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Top 5 Active NBA Players Who are Better Pros Than They Were College Players

October 05, 2010 – Kevin Burke

If some guys could still have it their way, they would skip that thing they call college and take their talents straight to the NBA right out of high school. Unfortunately for them, they don’t have it their way. Sometimes, going to college , or even staying in school too long, can hurt a guys stock. Then you have guys who really need college to prove that they can be a valuable commodity on the next level.

But what really gets me, and what I love to see, is guys who have decent college careers, but then prove to be much better pros than they were college players. Usually it’s the other way around where guys will be All-Americans, but never pan out on the next level. Here are my top 5 active NBA players who have proven to be better pros than collegians.

#5: Delonte West
St. Joe’s | Drafted #24 overall in 2004 by the Boston Celtics


Playing in the Atlantic 10 Conference, schools like St. Joe’s typically get overlooked. However, that wasn’t the case for this school six years ago. In the 2003 – 2004 season, the Hawks finished the regular season a perfect 27-0. That was thanks in large part to their standout Point Guard, Jameer Nelson who earned All-America 1st team honors. That was Nelson’s senior season and Delonte West’s junior campaign. With Nelson leaving, West did the right thing and left too, because there was no way he was going to get any shine the following year without Nelson on the team. Together, they were one of the better backcourts in the land, but make no mistake, that was Nelson’s team.  That said, West still had a solid career for St. Joe’s, while averaging13.9ppg, 3.0apg, and 4.2rpg.

In the NBA, West has proven to be a valuable contributor to some good teams in his day. Most recently the Cleveland Cavaliers and he’ll have the chance to do so again in Boston as he just returned to the Celtics. If you were to ask me when he was just drafted, I never would’ve thought he would still be contributing to this extent six years later, but he has certainly proven that he belongs.

#4: Carlos Boozer
Duke | Drafted #35 overall (2nd round) in 2002 by the Cleveland Cavaliers


Carlos Boozer played on an extremely talented team at Duke. He played with the likes of Jay Williams, Shane Battier and Mike Dunleavy. He was a good college player, but many thought that he would be a role player-type on the next level. Apparently, he just needed to get out of the shadow of some of his teammates so that he could show off.  Boozer immediately turned heads with his play in Cleveland and after an ugly contractual situation, he would end up in Utah where he would become one of the marquee big men of his era. I sure didn’t see that coming when I watched him play at Duke. With his move to Chicago this off-season, the Bulls can’t be taken lightly anymore.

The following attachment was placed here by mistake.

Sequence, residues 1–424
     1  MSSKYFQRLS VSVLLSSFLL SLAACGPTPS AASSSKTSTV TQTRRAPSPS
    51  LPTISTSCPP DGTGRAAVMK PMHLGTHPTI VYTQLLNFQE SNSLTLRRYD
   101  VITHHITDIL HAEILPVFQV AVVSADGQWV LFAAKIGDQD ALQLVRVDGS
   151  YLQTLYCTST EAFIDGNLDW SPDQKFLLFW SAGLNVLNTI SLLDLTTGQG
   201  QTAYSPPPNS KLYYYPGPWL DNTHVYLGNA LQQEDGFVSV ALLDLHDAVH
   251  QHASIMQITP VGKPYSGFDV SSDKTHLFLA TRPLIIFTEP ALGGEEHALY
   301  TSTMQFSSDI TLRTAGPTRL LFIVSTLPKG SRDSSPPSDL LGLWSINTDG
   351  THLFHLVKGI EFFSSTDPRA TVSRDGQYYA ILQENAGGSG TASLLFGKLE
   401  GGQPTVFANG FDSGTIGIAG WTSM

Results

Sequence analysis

#3: David Lee
Florida | Drafted #30 overall in 2005 by the New York Knicks

 

Believe it or not, Lee only averaged 11.3ppg and 6.8rpg during his four years at Florida and teammates like freshmen Al Horford, Joakim Noah and junior Matt Walsh received attention as well, which cut into his recognition some. What caught the attention of scouts was that he grabbed 9 boards per contest during his senior season. Today, Lee is probably one of the more underrated players in the league. Coming off of a 21ppg and 12rpg season for the Knicks last year, including 53 double doubles, who would’ve thought David Lee would’ve eventually become an All-Star?

#2: Gilbert Arenas
Arizona | Drafted # 31 overall (2nd round) by the Golden State Warriors


Say what you want about Gilbert Arena. Call him an idiot. Call him ignorant. Call him a fool. You’re right on all three accounts. But you can’t tell me that the man can’t play basketball. And play it well. I would consider Gilbert one of the top 10 most offensively gifted players in the NBA today. He was (emphasis on was) a franchise player and the face of the Wizards for sometime now. He came out of nowhere to becoming very close to being a marquee player. Had it now been for injuries and guns, he would’ve been.

But that wasn’t always the case for Gilbert. Many weren’t that familiar with Arenas in college. Although he averaged 15.8ppg, 3.8rpg and 2.2apg during his days at Arizona, he was somewhat overshadowed by some fellow Wildcats such as Loren Woods, Jason Gardner and Richard Jefferson. In other words, he played on a good team. But that didn’t stop him from shining when he got to the league.

#1: Deron Williams
Illinois | Drafted #3 overall in 2005 by the Utah Jazz


DeronWilliams is an interesting situation. At Illinois, not only was he not the best player on his team, he may not even have been the best Point Guard on his team. Dee Brown typically got more love than Williams did handling the ball. Add Luther Head to the mix and that made three guys who could handle on the perimeter. That alone is why I put him number one. I mean, Williams was good at Illinois, but nothing like he is now.

Even though he was taken third overall, I must admit, I was a skeptic. At the time I thought both Chris Paul, andeven Raymond Felton would’ve been better picks at that spot (Paul went #4 and Felton went #5). Fast forward to today and he’s arguably the best Point Guard in the game today. Enough said.

Honorable mention: Michael Redd, Josh Howard and Rajon Rondo.

If you’re looking for your everyday, predictable basketball talk, then go somewhere else, because Kevin Burke of The Kevin Burke Project brings provocative, thought provoking content about basketball as only he can. Kevin also hosts The Hoop Doctors weekly podcast show, which you can subscribe to for free on iTunes. Follow Kevin on Twitter and Facebook

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